William Wilberforce gave some good advice which can be very useful for those facing the audition season. "I daily become more sensible that my work must be affected by constant and regular exertions rather than by sudden and violent ones." I don't think he had trumpet players in mind, but certainly his philosophy brings a balanced perspective and encouragement to all of us given so easily to the frantic, furious, and frenzied approach to life. Last minute cramming of excerpts rarely works.
John Piper in Roots of Endurance writes that a "coronary" Christian is better than an "adrenal" Christian. Too many bursts of adrenaline produce let downs. Great surges of energy are usually followed by great downward spikes. The "coronary" life style on the other hand, is marked by consistency. Regular dependable behavior is the heart beat of the latter, and he definitely has the endurance advantage. And that is one of the must-haves for trumpet players.
Thinking about marathons: A music career is indeed a marathon and requires enormous discipline. Remember the childhood story of the tortoise and the hare? Nothing wrong with talent, speed, and great instincts, but both runners require disciplined training in order to survive the long haul. Daily distractions are not likely to deter the runner who consistently focuses on his game.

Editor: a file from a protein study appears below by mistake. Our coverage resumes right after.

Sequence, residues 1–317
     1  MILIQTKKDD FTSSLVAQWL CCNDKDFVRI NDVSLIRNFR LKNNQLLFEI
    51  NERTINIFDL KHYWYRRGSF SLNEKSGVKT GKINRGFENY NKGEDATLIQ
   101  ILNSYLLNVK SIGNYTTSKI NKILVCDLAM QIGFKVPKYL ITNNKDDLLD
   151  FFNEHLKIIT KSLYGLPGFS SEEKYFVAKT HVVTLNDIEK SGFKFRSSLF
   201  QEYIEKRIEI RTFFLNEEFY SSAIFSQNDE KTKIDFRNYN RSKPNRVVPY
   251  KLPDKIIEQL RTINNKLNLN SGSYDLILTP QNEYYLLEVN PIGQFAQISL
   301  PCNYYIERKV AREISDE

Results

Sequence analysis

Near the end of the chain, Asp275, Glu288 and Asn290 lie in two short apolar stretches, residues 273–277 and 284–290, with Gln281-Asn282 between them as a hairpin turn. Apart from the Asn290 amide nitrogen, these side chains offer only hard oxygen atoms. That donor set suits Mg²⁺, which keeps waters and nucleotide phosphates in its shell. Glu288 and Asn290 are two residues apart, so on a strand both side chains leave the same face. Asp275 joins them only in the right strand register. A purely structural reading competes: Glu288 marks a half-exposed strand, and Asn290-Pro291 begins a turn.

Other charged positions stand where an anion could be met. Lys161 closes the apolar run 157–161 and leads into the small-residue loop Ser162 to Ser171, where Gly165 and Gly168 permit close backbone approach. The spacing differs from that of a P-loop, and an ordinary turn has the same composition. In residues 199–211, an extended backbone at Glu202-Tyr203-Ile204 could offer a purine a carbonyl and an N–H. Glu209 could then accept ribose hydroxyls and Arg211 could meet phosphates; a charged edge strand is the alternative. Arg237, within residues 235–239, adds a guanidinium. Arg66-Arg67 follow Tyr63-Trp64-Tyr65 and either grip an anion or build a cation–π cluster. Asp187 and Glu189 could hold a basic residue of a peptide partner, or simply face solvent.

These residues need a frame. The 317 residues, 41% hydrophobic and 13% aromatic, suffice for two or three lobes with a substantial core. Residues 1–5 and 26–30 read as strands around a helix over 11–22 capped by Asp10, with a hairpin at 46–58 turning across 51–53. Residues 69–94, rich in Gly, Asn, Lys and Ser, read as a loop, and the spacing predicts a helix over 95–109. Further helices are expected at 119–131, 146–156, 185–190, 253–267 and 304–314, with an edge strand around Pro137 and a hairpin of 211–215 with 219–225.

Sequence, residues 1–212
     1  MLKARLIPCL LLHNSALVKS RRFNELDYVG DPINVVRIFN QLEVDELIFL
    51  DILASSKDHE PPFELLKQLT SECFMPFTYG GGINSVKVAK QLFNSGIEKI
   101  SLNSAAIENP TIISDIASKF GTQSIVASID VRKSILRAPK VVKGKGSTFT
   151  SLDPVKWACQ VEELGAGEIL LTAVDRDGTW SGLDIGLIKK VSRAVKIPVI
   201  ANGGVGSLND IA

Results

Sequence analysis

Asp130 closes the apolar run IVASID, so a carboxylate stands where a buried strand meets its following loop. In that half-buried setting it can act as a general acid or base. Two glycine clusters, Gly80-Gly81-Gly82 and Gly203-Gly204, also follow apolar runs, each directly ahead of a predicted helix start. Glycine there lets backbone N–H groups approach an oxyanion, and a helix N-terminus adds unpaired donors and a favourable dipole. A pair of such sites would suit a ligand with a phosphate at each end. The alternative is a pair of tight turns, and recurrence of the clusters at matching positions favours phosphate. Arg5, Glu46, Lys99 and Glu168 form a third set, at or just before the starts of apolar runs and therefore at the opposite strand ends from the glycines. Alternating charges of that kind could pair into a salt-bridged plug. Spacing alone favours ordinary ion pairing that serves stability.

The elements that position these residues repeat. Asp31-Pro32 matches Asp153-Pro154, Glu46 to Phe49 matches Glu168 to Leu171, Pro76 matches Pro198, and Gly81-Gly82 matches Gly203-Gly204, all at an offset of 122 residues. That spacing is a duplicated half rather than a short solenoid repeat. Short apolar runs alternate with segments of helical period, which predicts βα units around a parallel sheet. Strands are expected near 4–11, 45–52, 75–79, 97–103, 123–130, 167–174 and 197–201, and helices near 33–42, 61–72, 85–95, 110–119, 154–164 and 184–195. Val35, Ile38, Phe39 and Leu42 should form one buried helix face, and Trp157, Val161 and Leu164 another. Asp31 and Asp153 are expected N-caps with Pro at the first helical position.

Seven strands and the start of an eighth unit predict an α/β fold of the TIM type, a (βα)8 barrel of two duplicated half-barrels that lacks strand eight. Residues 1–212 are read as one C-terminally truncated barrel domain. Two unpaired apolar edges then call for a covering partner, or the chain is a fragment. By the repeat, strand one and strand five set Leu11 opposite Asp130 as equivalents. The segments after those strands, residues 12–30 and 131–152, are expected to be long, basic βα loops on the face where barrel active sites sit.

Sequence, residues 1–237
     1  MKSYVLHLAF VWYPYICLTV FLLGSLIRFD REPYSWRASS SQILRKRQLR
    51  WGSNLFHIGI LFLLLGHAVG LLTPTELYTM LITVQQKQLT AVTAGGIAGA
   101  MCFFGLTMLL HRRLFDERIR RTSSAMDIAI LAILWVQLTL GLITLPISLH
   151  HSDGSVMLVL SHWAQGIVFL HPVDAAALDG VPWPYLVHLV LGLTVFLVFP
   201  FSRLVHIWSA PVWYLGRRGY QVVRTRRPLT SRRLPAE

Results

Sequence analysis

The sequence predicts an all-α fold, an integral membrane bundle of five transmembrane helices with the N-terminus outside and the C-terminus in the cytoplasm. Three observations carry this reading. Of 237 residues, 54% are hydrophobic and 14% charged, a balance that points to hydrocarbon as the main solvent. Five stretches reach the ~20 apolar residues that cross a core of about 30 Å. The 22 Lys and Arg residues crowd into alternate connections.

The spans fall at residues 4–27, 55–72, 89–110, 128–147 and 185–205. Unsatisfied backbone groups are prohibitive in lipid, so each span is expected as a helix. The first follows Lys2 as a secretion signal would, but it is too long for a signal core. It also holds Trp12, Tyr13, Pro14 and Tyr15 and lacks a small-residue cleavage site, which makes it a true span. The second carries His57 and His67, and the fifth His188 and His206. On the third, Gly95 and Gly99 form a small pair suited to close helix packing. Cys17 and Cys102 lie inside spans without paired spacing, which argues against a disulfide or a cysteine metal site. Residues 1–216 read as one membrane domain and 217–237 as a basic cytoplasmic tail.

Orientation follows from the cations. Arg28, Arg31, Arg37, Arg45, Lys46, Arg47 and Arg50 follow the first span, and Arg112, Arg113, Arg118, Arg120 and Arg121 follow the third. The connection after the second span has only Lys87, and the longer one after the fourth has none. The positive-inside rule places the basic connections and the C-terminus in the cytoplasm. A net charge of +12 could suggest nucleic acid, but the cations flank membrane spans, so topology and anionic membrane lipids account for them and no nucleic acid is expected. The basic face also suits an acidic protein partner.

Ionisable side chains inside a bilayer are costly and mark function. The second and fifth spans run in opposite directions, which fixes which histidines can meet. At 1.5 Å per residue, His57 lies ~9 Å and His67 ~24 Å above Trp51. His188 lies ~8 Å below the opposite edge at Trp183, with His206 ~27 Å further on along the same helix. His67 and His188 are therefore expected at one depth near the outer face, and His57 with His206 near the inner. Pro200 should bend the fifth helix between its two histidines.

Be patient and not weary in daily well-doing. Rewards of persistence are down the road. Skills are not perfected in one or two lessons. A regular agenda of doing what is required will pay off. I might add that it demands more than a mere punching the time clock. The goal is learning to enjoy working towards the mastery of the skills of our profession.
Disappointments, struggles, and even failures are part of the journey. Expect days that are cold and prickly. The goal is not just about your check list. Remember your passion for making great music. Isn't that where your race began? That drive not only empowers your practice of disciplines, but gives you the benefit of enjoying your run.